Despite ongoing declines in fertility in many countries, the population of the world is experiencing a period of rapid expansion, and its size is expected to exceed 10 billion by the end of the demographic transition. Three causes of this growth are identified and quantified: 1) fertility above the replacement level of two surviving children per woman, 2) continuing declines in mortality, and 3) population momentum resulting from a young age structure. A set of simple analytic expressions is proposed for estimating these factors from standard demographic indicators. Population momentum is shown to be the main cause of future growth in most countries and regions.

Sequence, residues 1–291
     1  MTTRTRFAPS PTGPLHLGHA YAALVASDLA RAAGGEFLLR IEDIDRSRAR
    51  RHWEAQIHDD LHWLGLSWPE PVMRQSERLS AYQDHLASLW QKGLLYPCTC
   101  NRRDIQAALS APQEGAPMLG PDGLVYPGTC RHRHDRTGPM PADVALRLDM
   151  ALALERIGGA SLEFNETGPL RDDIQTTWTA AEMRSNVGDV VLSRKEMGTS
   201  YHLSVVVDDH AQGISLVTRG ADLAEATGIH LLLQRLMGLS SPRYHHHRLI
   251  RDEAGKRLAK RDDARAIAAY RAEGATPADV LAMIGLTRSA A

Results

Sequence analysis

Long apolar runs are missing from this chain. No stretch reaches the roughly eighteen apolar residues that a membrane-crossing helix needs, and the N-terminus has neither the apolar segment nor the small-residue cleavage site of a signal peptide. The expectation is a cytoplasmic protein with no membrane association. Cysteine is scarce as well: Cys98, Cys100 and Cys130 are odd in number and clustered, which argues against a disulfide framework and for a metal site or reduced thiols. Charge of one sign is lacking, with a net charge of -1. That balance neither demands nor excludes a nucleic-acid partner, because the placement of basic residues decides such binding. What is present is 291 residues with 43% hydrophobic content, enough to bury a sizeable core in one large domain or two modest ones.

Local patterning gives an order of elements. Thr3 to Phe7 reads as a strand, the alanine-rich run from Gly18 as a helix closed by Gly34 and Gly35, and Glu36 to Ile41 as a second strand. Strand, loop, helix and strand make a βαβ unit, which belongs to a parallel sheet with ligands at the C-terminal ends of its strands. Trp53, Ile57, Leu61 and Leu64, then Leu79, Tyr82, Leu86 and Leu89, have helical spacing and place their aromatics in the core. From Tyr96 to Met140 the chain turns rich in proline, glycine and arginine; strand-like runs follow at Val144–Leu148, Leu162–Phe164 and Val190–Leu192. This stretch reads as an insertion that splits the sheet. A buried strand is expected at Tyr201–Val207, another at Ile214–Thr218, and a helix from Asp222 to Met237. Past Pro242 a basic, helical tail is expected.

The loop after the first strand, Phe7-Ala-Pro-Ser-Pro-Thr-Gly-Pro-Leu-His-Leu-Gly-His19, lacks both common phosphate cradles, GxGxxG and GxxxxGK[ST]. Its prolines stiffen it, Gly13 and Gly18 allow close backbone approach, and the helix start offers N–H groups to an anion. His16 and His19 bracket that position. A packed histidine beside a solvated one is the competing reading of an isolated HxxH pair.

Bongaarts, John and Rodolfo A. Bulatao. 1999. "Completing the demographic transition," Policy Research Division Working Paper no. 125. New York: Population Council. Version of record: https://doi.org/10.1111/j.1728-4457.1999.00515.x